In a recent piece in the C-suite Blueprint, I wrote about the fixation many businesses have with trying to measure everything (“Not Everything Can Be Measured,” May 1, 2018).
To summarize, while there is nothing inherently wrong with gauging various indicators, not everything can be neatly packaged in a numeric box. How can you place a numeric value on your company’s reputation? Moreover, how can you accurately measure that reputation unless you have executives capable of making judgments based on their smarts and experience?
There are other problems, too. Canny operators are able to make numbers sing and dance any way they choose. Pick one thing to measure while not assessing another and—poof—you’ve gamed the outcome. Perhaps the biggest cop out is that metrics are the easy way out. Almost anyone can gin up a few numbers, pop them in a spreadsheet, and call it a day.
In short, metrics are a poor and unreliable substitute for sound C-suite judgment.
What Is the Fourth Factor?
British management consultant John Elkington suggests that companies consider three bottom lines as part of his Triple Bottom Line theory: Financial, environmental, and social performance. All are unquestionably important facets of any business.
Yet his construct seems incomplete. I recommend making “Reputation” part of a new system, the “Fourfold Bottom Line” (with proper credit to Elkington for building upon his original concept).
I realize others have posited various Quadruple Bottom Lines centering on purpose, culture, the spiritual, or worker welfare. That’s well and good. For my money, however, reputation needs to be a keystone of any operation.
One supplement to these recommendations, and one more step in implementing a Fourfold Bottom Line: It is worth reiterating that dealing effectively with reputational risk involves not only preparing for potential crises, but also assessing performance once your reputational crisis subsides. That after action review is a mandatory component.
When your reputation gets dinged, you need to know how to respond. That’s why smart businesses implement step-by-step procedures and resources to help counter a variety of risk scenarios.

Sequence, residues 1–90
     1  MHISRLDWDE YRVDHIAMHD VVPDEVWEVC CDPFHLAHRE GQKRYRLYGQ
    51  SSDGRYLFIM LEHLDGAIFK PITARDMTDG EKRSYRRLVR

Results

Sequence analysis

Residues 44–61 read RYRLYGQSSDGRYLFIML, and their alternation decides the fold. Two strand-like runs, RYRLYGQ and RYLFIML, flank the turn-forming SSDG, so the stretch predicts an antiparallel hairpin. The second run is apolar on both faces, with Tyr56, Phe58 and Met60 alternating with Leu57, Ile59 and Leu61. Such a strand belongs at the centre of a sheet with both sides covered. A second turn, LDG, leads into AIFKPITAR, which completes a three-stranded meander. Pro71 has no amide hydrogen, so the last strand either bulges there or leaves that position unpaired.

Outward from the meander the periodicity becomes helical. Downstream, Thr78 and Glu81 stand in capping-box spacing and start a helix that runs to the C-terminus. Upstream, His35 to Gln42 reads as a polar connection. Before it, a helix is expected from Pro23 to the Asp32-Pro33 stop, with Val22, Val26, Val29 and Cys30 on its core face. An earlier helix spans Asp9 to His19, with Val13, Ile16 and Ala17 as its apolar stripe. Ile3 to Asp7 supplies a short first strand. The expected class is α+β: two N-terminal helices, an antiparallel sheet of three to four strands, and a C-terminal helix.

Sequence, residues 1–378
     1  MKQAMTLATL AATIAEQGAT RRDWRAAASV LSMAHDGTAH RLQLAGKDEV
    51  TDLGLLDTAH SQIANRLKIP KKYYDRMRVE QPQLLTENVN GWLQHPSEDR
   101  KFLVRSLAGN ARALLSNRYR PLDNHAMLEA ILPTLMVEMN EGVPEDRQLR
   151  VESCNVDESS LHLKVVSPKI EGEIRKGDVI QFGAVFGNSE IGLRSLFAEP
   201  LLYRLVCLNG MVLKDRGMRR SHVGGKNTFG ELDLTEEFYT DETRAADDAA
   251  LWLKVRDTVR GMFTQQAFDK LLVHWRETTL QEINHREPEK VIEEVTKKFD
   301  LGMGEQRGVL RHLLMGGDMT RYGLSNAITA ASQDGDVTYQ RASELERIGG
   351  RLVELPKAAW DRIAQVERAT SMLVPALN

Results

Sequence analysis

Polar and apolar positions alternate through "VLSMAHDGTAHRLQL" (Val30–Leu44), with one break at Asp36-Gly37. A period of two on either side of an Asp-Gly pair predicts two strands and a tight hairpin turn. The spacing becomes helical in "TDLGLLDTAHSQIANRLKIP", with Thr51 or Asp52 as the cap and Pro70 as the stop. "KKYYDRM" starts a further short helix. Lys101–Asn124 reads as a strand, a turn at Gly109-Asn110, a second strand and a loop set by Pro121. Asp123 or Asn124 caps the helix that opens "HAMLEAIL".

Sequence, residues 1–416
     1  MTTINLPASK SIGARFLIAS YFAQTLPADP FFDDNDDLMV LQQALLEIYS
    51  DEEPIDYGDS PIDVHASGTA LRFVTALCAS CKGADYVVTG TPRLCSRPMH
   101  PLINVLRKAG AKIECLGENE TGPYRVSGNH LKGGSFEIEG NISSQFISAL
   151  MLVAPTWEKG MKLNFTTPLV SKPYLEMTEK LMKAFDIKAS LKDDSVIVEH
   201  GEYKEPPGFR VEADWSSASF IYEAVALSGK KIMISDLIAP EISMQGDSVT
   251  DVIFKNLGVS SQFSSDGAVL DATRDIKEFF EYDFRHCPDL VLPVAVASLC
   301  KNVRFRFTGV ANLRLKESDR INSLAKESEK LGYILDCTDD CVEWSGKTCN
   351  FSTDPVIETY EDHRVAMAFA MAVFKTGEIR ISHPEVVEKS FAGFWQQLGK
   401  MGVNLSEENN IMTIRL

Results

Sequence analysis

Firefighters, hospital workers, pilots, and police officers all train rigorously for potential calamities. So must your C-suite. Workers from the corner office to the tiniest cubicle need to be vested in your company’s reputation. Your top brass, communications staff, lawyers, and issue experts have a responsibility—financial, ethical, and reputational—to communicate effectively when catastrophe strikes. The situation may be foreseen or unforeseen, natural or human-made, relatively mild or thoroughly earth-shattering.
Avoid the Bumpy Roads
One thing to bear in mind: Your voyage to a sparkling reputation can be akin to a cruise in a new Jaguar down a newly paved expressway. Or you can go the Thelma and Louise route.
One important factor to make clear to your C-suite: You don’t necessarily assess risk to expunge it; that is difficult to impossible. Rather, you examine it in order to be aware of its impact, breadth, intensity, and probability. This conversation with your leadership can be a difficult one. They sometimes labor under the impression that the communications staff can snap its fingers and make the day sunny and bright. You and I know that’s not the real world. Nonetheless, it’s your job to help them arrive at this realization.
Impress upon them the benefits your company receives thanks to a positive reputation. The waters will get choppy at some point. if you’ve diligently banked reputational capital, people are more likely to give your new product or service a chance, believe your ads, do business with you, apply for a job in your firm, join your public policy campaigns, purchase your stock, and support you.
That’s why—along with financial, environmental, and social performance factors—reputation needs to be a part of the Fourfold Bottom Line.
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